Bike Repair – Downhill Suspension – Shock Set-Up

Bike with downhill suspension

A mile of suspension travel is worthless without a well tuned shock. We show you how to get the best from yours.

Setting up sag 1

Sit on your bike fully kitted up in riding gear. Get a mate to measure the shock’s compressed eye-to-eye length while you’re sitting on it. Subtract the compressed (sagged) measurement from the total eye-to-eye shock length. This is your sag in mm.

Setting up sag 2

You need to know your shock stroke to calculate your sag percentage; it’s written in the shock’s user manual. Divide the sag measurement (mm) by the shock stroke and multiply it by 100 to get the sag percentage. For downhill we’d recommend 35%. Alter spring preload by up to two turns or switch the spring to achieve optimal sag. If using air, add or remove as necessary.

Setting rebound 1

The rebound adjuster may be marked + and –. Turning the adjuster clockwise in the + direction will give more (and therefore slower) rebound damping, and turning the rebound adjuster in the – direction will give you less (faster) rebound damping.

Setting rebound 2

To check rebound, push down on the rear of the bike and let it spring back. If you can lift the rear wheel high off the floor before the rear shock extends, it has too much rebound (so is too slow). If you feel the bike trying to push you away and you can’t lift the wheel off the floor, it hasn’t got enough rebound (so is too fast). Experiment until you find a happy medium. If in doubt, it is best to set the rebound on the slow side.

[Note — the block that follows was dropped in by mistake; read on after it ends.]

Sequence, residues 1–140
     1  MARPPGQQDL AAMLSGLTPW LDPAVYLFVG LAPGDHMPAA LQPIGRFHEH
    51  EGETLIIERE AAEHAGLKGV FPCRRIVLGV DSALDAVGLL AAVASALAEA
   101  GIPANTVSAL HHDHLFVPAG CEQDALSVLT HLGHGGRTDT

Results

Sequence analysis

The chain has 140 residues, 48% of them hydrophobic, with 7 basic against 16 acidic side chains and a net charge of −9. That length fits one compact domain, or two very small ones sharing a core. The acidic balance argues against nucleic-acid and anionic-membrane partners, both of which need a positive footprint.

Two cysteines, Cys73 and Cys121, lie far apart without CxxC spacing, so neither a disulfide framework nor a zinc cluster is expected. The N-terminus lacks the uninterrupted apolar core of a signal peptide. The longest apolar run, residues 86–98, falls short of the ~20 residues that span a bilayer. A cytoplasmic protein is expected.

Locate your shock’s compression adjuster/s. Compression damping determines how fast the shock can compress when hitting an obstacle or bump. More compression damping and the shock will be less sensitive to small bumps, less and it will be more prone to falling through its travel and will feel horribly mushy.

Low-speed compression

If you have a separate low-speed compression adjuster, it affects how the shock behaves at lower shaft speeds, like when pedalling or compressions into berms. Too much low-speed compression damping and the rear wheel will tend to deflect off objects easily. Too little and the suspension will dive, using more travel than it needs to.

High-speed compression

High-speed compression damping affects higher shaft speeds such as hard landings, square-edge hits and G-outs. Too much high-speed compression damping and the shock will give a rough ride and feel too hard. Too little and the shock will dive through the travel easily and feel out of control in rough sections.

Bottom-out resistance

If your shock has a bottom-out resistance adjuster, it’ll affect the last part of the travel, much like the air pressure. If you’re finding yourself bottoming out all the time, try winding it on a quarter turn at a time. It’s best to start at the minimum and add more slowly until you find the optimum setting for you.

Air pressure

If your shock has adjustable air pressure on the reservoir, it’ll affect the shock toward the end of the travel, making it harder to bottom-out. Too much air pressure though, and you’ll find that you’re not using enough of the travel and have a harsh ride. Too little and you’ll be bottoming-out too often.

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